Online learning offers many advantages over in-person learning, including flexibility and convenience. You can complete your schoolwork from where and when you choose, and you don’t have to worry about the commute to campus. But if you’ve never taken an online course or you consider yourself a hands-on learner, you might find the format a bit challenging.
1. Tech Knowledge in Online Learning
Online classes rely heavily on the use of technology. You’ll need a computer, internet access, and the software you need to participate in your virtual class and complete your work. If you’re not tech savvy, you might be frightened by online learning, but the truth is online learning platforms are extremely user-friendly and your school will offer tech support if you get stuck.
Check with your school’s IT department before your classes begin to ensure you have all the necessary technical requirements, such as high-speed Internet, compatible browsers, and access to your student email account. Attend your online orientation. Once you have access to your web courses, familiarize yourself with the discussion forum, the webmail portal, and the other features it has to offer. You can even reach out to your instructor or the IT team for extra help if you need to.
2. Making Classroom Connections in Online Learning
If you were one of those people who couldn’t imagine attending class through a computer screen, that notion likely changed during the pandemic. Everyone was doing it! But that doesn’t mean it isn’t an adjustment. How do you connect with instructors and peers when you don’t ever see them in-person?
Be yourself. Be active. Interact.
You can’t connect if you don’t participate. Whether it’s a live video feed, an online forum, chat, or email, get active. Bring your best self to your virtual class, making sure to answer questions and assignments fully, and to the best of your abilities. When you’re asked to respond to a classmate’s answer, be respectful and thorough. You can also reach out off class time. Whether you want to connect to form a study group or you’ve discovered one of your coursemates lives down the street, you can make live connections from an online course. And don’t forget your instructors. Especially if you have questions about course material, reach out sooner rather than later. You don’t want to fall behind.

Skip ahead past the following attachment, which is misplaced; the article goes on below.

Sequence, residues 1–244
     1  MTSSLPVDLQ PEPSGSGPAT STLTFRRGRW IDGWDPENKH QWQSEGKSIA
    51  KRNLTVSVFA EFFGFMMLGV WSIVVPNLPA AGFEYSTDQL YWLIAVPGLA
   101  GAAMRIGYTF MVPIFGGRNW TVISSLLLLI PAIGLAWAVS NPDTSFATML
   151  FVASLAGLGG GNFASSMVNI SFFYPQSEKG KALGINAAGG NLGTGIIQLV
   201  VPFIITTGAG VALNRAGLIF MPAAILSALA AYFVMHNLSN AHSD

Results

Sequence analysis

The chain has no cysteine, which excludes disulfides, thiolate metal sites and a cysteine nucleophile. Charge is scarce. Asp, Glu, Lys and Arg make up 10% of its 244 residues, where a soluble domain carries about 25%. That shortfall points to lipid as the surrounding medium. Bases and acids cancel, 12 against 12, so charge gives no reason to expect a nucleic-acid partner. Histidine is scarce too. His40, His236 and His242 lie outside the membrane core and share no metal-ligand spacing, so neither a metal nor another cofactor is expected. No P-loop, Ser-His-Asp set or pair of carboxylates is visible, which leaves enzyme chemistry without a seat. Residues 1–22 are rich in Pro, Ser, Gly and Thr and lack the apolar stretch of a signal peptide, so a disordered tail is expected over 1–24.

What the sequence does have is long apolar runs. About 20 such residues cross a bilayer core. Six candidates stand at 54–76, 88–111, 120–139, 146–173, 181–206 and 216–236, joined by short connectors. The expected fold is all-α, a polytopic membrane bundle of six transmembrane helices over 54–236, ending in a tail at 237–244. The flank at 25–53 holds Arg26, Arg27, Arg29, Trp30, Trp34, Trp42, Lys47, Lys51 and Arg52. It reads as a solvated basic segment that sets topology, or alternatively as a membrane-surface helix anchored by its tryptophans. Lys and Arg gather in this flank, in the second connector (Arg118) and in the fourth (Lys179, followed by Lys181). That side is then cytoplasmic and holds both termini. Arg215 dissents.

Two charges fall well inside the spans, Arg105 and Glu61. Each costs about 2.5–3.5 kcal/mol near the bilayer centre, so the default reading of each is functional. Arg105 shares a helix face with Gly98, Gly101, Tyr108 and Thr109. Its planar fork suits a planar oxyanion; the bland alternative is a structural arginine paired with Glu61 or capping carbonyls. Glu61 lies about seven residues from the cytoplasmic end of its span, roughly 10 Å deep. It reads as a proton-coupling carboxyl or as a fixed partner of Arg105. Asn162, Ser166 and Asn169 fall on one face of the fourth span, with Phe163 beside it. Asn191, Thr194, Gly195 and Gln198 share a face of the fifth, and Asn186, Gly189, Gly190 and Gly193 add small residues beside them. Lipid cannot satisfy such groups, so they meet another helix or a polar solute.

3. Online Learning Time Management
Another challenge to eLearning is that because you may not have a set class time, it’s easy to let assignments slide. Especially when you have other demands on your life, like family and a job, it might be easy to push your classes to the bottom on the priority list. Don’t.
Create a distraction-free zone in your home where you can work. Set regular days and times to attend virtual class and complete assignments. Use course syllabi to build out a calendar of upcoming tasks and be sure to give yourself a realistic amount of time to complete them. When you have a big assignment ahead of you, break it down into smaller goals.
4. Staying Motivated When Learning Online
Since your instructor won’t be able to look over your shoulder as you work, and you won’t have a set class time to complete your assignments, you’ll need to motivate yourself to stay on track. How can you do that? First, think of why you’re attending an online program in the first place. Whether it’s to find a new career, advance to a better position, or make your family proud, keep the end goal in mind. Doing it for your family? Tape a picture of them to your laptop. Getting ready for a new career? Find images of the job and pin them in your study space.
You’ll also want to develop some good habits to stay motivated. Log onto your learning platform every day so you don’t miss any assignments or announcements. Good study habits keep you in a student mindset and help you stay up with your work and do well. And when you do well, whether on an assignment, project, or a test, celebrate your small victories. Small wins can keep you motivated and help you achieve the big win of completing your online program.
5. Writing in Online Programs
While you might Zoom or Skype with peers, tutors, and instructors for some help, the majority of your online communication will be in writing. If writing is not one of your strongest skills, take the time to proofread your work for grammar or spelling errors before you post it or send it out. If you really struggle with writing, look for a school that has a writing center or offers tutoring in this area. Over time, you’ll strengthen your skills through practice and repetition.
The challenges of online learning can easily be overcome and are greatly outweighed by the benefits. if you’re ready to begin your online education, contact Charter College today. We offer online programs in Business, Health Care, Information Technology, and some Trades. Fill out the form to learn more.